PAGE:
This year we’ve all learnt a lot about being inclusive and productive virtually and remotely. Here’s some of what I’ve learnt in case it’s useful to you.
Recipe for a change narrative
A structure to help with writing a change narrative, and suggestions on how to use it.
First catch your ‘why’.
- 1x background
- 1x what’s changed
- 1x what’s the challenge
- 1x what’s the strategy for facing the challenge
- 1x how will we need to behave to make the strategy work
- 1x how do we know it will work
- 1x what’s the first step we need to take
Mix all your dry ingredients. Make sure that your why and how are evenly distributed.
Use this mix as the basis of your messaging. It is versatile and can be turned into:
- Key messages
- Elevator pitches
- Web content (static pages / news content)
- Social media content
- Staff briefings
Show, don’t tell. It’s essential to include the examples of where it’s already working (how do we know it will work), and to keep giving new examples of where it s happening, working, changing…
Even better if you can include a diversity of voices telling stories about where it’s working: colleagues from different areas (managers/ frontline/ leaders), customers, external stakeholders…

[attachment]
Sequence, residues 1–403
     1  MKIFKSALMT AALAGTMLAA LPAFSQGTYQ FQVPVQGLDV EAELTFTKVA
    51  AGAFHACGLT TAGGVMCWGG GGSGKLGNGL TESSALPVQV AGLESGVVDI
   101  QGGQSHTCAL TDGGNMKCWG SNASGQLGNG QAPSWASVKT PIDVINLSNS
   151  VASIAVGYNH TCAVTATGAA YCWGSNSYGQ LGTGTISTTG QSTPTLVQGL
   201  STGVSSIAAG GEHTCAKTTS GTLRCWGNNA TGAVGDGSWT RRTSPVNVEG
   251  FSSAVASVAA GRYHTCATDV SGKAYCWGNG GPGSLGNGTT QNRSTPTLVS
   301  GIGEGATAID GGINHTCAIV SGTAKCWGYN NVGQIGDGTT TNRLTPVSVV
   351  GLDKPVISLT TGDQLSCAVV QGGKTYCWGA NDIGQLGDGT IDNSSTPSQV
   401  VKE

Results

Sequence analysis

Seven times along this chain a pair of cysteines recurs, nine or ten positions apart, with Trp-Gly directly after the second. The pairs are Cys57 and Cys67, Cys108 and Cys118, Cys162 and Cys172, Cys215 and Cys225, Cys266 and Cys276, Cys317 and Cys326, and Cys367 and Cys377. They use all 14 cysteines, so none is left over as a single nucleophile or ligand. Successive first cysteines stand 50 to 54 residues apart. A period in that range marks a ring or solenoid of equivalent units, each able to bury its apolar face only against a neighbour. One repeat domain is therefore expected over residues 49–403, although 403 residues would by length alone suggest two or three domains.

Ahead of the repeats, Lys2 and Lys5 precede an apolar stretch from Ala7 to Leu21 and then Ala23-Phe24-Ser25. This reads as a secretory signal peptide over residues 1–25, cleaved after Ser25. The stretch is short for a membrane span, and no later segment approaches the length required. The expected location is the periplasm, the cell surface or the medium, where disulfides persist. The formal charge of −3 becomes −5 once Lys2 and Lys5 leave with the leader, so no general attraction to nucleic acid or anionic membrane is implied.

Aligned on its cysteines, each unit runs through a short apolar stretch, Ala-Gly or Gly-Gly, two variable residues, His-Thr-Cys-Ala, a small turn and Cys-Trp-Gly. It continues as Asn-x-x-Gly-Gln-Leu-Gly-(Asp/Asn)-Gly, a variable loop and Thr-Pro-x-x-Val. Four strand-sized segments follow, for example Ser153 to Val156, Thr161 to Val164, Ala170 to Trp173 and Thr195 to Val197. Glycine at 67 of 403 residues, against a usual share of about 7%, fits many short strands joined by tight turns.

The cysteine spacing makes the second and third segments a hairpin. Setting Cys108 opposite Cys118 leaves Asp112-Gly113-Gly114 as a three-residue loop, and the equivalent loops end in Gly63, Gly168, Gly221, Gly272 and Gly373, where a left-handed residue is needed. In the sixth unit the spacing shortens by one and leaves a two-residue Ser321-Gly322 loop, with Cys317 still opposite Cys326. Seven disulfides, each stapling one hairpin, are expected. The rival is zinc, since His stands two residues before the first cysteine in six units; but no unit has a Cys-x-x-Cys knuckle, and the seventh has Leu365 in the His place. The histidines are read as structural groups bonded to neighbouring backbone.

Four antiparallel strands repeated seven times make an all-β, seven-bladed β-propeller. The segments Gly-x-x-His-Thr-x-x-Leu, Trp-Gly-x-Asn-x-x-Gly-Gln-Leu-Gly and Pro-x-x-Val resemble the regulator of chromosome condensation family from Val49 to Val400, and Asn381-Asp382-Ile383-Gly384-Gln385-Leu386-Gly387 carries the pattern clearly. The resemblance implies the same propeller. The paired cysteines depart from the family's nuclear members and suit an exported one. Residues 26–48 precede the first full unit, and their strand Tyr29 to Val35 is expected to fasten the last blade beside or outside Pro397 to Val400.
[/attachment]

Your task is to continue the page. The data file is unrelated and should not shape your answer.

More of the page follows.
Who do you want to work for?
Recently it struck me that we have been selling in a presentation about values creation wrongly. The main body is fine – all about linking values and behaviours and perception – and we’ve been getting there in the end.
But we’ve been starting on the wrong foot by showing a number of logos and asking what the organisations represented have in common – answer: a defined brand, answer: brand recognition, (answer: a set of values underpinning everything).
We were getting anything but that response though – answer: they make a lot of money, answer: they are international, answer: they are private sector, (answer: what’s it got to do with us?).
What we should have asked is – who do you want to work for? And why? What do you believe about them? What do you think you know? What makes them special? Odds on the top ten would have a sturdy set of organisational values.
Answers (off the top of my head):
- National Trust
- Marks & Spencer
What about you?